Pickup trucks excel as practical vehicles nearly as much as minivans do. This King Ranch didn’t have the full 6 ½ foot box, but most owners that may not be an issue. Interior space is large enough that passenger luggage can be stashed away under seats, in the large center console, or beside with the 60/40 bench folded up. Access is easy, thanks to the fixed side steps, an option well worth including. Ford’s integrated tailgate step does make bed access easier, though really only on a flat road.
Trailering and towing are even easier with this generation of the F150, and the King Ranch features Ford’s latest driver assist technology. A large dial by the trailer brake controller helps drivers steer trailers into position while reversing. It’s a nifty system that many novice trailer operators will find very helpful. Interior storage space is well designed, and makes great use of the interior cabin. Parking is a lot easier thanks to the 360 top-down camera in the King Ranch. It gave all drivers full confidence in tight parking spaces.
Ford’s third version of SYNC is a much needed improvement over problematic earlier versions. A large, bright touchscreen displays a simple and functional user interface. Home screen gives you a glimpse of your phone status, music playing and navigation map. Not much has changed in the driver information center over previous models, but it’s still a great system. Voice commands and navigation work well, with little repeating of commands necessary. There were some issues trying to search for street names by voice, buy the system gave several decent attempts.
Integrated applications are new to Ford SYNC, and they change how the King Ranch integrates with your phone. In our test, loading Spotify and controlling personal music collection and albums right from the touchscreen is fantastic. Integration with voice worked OK, but simply not having to launch the application on the phone to change album or artist is a great time saver. Sound comes via a premium Sony system, providing well balanced output for a variety of music genres. Integrated DVD systems are missing, though a dealer installed option is available.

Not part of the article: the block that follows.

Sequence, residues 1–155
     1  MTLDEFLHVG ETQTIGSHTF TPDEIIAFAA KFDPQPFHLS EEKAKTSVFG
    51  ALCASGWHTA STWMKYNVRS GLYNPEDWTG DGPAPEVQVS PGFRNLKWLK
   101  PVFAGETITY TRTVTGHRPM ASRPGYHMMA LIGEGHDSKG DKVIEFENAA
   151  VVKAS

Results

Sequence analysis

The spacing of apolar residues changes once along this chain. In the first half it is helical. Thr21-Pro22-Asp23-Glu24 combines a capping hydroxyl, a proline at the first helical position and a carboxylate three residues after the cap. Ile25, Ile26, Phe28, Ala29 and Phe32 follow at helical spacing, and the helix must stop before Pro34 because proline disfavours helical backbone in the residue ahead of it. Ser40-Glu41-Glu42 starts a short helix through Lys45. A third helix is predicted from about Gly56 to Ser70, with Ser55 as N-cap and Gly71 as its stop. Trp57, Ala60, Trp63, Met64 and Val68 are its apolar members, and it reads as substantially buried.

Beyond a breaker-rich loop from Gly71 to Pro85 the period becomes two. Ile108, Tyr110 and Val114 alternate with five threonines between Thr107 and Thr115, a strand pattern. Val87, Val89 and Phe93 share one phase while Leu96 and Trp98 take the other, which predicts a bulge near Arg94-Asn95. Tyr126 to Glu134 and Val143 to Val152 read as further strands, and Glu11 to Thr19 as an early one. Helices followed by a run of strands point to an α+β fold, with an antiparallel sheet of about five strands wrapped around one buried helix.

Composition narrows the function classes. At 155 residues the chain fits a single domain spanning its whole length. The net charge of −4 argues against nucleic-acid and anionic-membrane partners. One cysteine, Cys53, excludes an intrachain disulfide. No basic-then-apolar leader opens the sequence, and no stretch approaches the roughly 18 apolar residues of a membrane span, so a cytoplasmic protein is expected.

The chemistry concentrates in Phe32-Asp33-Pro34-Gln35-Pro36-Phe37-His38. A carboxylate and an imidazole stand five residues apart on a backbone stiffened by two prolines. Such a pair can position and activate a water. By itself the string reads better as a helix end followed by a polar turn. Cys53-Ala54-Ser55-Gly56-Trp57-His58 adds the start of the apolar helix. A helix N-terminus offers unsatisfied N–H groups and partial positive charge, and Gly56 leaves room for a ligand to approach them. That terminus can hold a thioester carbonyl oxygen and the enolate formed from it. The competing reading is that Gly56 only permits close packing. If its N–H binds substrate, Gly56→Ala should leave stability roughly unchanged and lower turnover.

2016 Ford F150 King Ranch is the second year of the latest generation of F150, launched in 2015. Reliability data comes from truedelta.com, a collection of owner surveys for thousands of vehicles. Scores are based on repair trips per 100 vehicles, with small sample size data omitted.
The Ford F150, and the F150 King Ranch, score an average of 38 repair trips per 100 vehicles, giving it an “average” rating. The F150, particularly the King Ranch, still enjoys some of the highest resell values among pickup trucks, and good overall reliability.
Pickup trucks make for great, practical vehicles. The King Ranch truly is King of the high end pickup segment. With excellent seating, comfort and technology, you’ll find all the amenities of a premium German sedan. But the King Ranch does it without sacrificing any of the tough, utilitarian DNA of a hard working pickup truck. Ford has created a solid package for premium truck buyers, and leaves little question why the F150 is the best-selling truck, and vehicle, in North America for decades.
A special thanks to the folks over at Ridgehill Ford in Cambridge, ON for providing the test vehicle.